It is the usual problem: you want pupils to have some notes to help them study but a photocopied sheet will just be stuck in their books and never read.
Mind-mapping is an effective way of taking notes and remembering information, but it needs to be taught and practised regularly to become effective. Crucially, changing the form of information is what helps it to stick in your brain.
I introduce mind-mapping in my first lesson with a class. I build a mind-map about myself by way of an introduction. All my pupils now know I hate dogs and banks, support Nottingham Forest, love physics and enjoy listening to Anton Bruckner and Rush. I then get pupils to create mind-maps about themselves, making sure they use colour and illustrations to aid the thought process and make the mind-map more memorable.
You can use their mind-mapping skills in future lessons by putting notes on a PowerPoint set to "loop" and asking them to organise the notes into a mind-map. It usually takes four or five repetitions to complete the maps. This is especially useful for fact-heavy topics such as rocks and radioactivity.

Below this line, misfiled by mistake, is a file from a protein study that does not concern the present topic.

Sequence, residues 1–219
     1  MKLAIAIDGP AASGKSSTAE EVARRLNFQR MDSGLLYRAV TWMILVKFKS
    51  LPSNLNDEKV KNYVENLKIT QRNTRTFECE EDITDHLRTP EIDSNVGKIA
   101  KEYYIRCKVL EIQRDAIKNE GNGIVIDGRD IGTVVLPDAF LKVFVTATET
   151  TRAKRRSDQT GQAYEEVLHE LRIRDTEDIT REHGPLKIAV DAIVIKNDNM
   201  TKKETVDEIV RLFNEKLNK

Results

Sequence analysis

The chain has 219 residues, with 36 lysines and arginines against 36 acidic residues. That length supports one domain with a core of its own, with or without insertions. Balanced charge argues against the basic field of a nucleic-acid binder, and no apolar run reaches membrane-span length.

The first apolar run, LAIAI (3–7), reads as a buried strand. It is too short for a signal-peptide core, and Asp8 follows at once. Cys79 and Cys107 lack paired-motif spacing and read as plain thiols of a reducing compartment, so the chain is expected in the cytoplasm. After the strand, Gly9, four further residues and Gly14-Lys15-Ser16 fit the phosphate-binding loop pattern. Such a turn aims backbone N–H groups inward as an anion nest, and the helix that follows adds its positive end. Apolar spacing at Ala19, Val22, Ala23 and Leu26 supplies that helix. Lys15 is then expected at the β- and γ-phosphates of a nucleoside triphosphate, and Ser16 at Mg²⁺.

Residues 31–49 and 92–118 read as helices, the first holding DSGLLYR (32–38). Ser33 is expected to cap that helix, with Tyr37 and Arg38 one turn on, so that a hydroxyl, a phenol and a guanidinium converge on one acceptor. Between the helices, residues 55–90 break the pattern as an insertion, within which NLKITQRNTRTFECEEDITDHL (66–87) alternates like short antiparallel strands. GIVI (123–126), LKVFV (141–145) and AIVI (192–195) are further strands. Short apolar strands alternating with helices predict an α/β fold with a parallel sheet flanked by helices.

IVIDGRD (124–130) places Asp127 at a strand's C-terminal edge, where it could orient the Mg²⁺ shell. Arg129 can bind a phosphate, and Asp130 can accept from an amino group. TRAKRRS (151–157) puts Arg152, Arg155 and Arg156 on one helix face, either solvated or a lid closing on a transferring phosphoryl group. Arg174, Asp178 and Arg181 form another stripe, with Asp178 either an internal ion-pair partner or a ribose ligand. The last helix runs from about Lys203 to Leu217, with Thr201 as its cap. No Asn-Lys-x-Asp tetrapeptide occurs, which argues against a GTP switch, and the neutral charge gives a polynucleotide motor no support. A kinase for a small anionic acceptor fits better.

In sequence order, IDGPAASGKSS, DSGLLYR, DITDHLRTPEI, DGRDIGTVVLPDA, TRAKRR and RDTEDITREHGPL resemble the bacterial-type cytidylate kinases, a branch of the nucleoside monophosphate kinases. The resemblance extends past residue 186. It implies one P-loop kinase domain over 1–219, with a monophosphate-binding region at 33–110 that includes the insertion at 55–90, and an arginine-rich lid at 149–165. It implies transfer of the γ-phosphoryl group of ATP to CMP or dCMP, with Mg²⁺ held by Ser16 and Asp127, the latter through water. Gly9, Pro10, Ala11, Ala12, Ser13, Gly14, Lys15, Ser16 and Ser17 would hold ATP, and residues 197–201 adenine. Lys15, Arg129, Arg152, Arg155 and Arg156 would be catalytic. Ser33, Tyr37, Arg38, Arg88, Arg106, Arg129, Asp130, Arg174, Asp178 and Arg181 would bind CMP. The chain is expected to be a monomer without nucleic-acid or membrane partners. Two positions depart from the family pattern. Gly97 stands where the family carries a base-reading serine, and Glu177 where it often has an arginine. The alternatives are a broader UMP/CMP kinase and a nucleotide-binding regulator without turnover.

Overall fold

Websites such as Wikispaces for Teachers or Moodle also give pupils access to notes without them having to copy. I encourage pupils to download and edit the PowerPoints to create their own streamlined versions. The wikispace site is free and very easy to use: it took me a weekend to set up a wiki for all my classes - and it includes bonus information about Nottingham Forest.
Simon Porter teaches physics at the British School in Warsaw.
Try Simon Porter's "loop" presentation on rocks. And for inspiration on personalising worksheets, use his measuring speed example.
In the forums
Science teachers have been asked to submit photos of their summer holidays with a description of the science behind the image. Find out more about "Science in my Holidays" in the TES science forum.